There was talk of limiting the amount of training to a maximum of 10 hours per week, though we never agreed to anything. Other than a few sideways tweets, training time was never an issue, and I don’t think either of us has ever exceeded 10 hours a week. For what it’s worth, my training data is all available on Strava, Vaughters’ is not. I get the feeling he hasn’t been able to train as much as he would have liked, though it feels as though he’s been intentionally vague about his fitness. In all honesty, it’s a mystery to me, though I don’t think he’s had the time to properly get fit.

At the moment, we’re talking about the third week in November, once he’s back from a busy October on the road. By then, it’s possible there will be snow on the ground. I’m hoping he’ll solicit help from some of the local EF Education First riders who live in the area — riders like Alex Howes, Taylor Phinney, or Lachlan Morton. This may come as news to them; think of it as alternative racing, fellas.

I’ll be looking to CyclingTips colleagues Caley Fretz and James Huang to pace me up key sections of the climb. (Noteworthy: There are no set rules as to how teammates can be used.) We’ll have a video crew filming the whole thing, and you’ll be able to watch and read about it here after the fact.

No matter the month, the weather, or the climbing domestiques, it’s all going to come down to watts per kilogram. And on that front, I’m feeling confident.

Across the spring and summer, my training has gone well. I’ve set personal records on several local climbs, and put out better power to weight than ever, though not by a large margin. (Example: In July I set a new PR on Flagstaff, beating my 2013 record by just six seconds.) I attribute this primarily to better diet, more focused training, and no significant illnesses or injuries to speak of.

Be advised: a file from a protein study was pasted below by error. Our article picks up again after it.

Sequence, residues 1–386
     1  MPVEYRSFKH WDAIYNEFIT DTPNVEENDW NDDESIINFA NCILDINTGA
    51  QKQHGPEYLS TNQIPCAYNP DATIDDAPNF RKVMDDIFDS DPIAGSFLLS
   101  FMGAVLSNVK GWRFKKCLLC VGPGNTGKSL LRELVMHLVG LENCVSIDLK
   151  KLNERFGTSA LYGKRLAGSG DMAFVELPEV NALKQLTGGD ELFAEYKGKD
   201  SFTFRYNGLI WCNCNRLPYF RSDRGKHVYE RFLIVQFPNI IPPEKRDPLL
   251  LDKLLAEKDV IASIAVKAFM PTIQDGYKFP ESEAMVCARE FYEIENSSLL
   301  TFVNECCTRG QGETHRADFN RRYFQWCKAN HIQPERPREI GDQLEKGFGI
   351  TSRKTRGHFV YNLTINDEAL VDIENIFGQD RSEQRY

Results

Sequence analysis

Last October I lost about 15 pounds (7 kilos) by changing my eating habits, and I’ve kept the weight off largely by steering clear of sugar and carbs. In particular, I’ve given up three former staples of my daily intake — chocolate, beer, and tortilla chips.

As far as training, I haven’t worked with a coach, or done interval workouts, or anything that sophisticated. Essentially I’ve just eliminated junk miles from my rides. I generally warm up for 30 minutes as I ride to the base of a local climb, ride to my threshold for 30 minutes, and warm down for 30 minutes on the way home.

It’s not complicated, but my rides all have purpose; it’s rare that I go for daylong jaunts across the Rocky Mountains the way I did before I became a father. If anything, I’ve made sure to stay fresh, and never dig myself into too deep a hole. For better or for worse, being a parent forces you to be as efficient with my time and energy as possible.

And then, of course, there’s the equipment.


For this particular challenge I’ll be riding Factor’s new 02 VAM frame set with Mavic Cosmic Ultimate tubular wheels, Shimano Dura-Ace mechanical group set and power meter, and a Wahoo ELEMNT ROAM head unit to monitor and record power data. For kit, I’ll be training and racing in custom CyclingTips Champion System Apex Pro jersey and bib shorts.

In an era where aerodynamics has become the primary design element in modern road racing, Factor’s 02 VAM (a model that tech editor Dave Rome recently reviewed) is a nod to the ultralight race bikes of a decade ago. It’s lighter and more comfortable than an aero road bike, a svelte hill-climbing machine that comes with a “do not sit on top tube” warning decal. I’ve never been one for the aero tuck while descending, but it’s something to keep in mind at stoplights or while a buddy is fixing a flat.

The frame comes in both disc- and rim-brake versions, and either can be run with mechanical or electronic shifting. As the name implies, this is a climbing bike. The frame set weighs right around 700g for a size 56cm in rim-brake version, which I’m riding as the Mavic Cosmic Ultimate tubular wheel set only comes as a rim-brake wheel.

The Cosmic Ultimate has 20 bladed, permanently tensioned carbon spokes which are molded to a 40mm deep, 25mm wide carbon rim and bonded to a carbon hub. The only non-carbon parts on the front wheel are the aluminum axle and stainless steel bearings, while the rear hub is made of aluminum to handle torque. In total, the wheel set weighs just 1,250 grams before gluing a Yksion Pro 25mm GripLink tubular to the front wheel, and a 25mm PowerLink to the rear.

Factor doesn’t sell complete bikes, so I needed to pick a drivetrain. I wanted something light and dependable, so I looked to Shimano’s Dura-Ace mechanical group set, though I opted for the R9100P power meter crank, which reportedly adds 70 grams over the analog crank. I’m not sure what more can be said about the latest version of Dura-Ace; to me, it’s the pinnacle of mechanical group sets. My easiest gear for the steepest sections of the climb will be 34×30.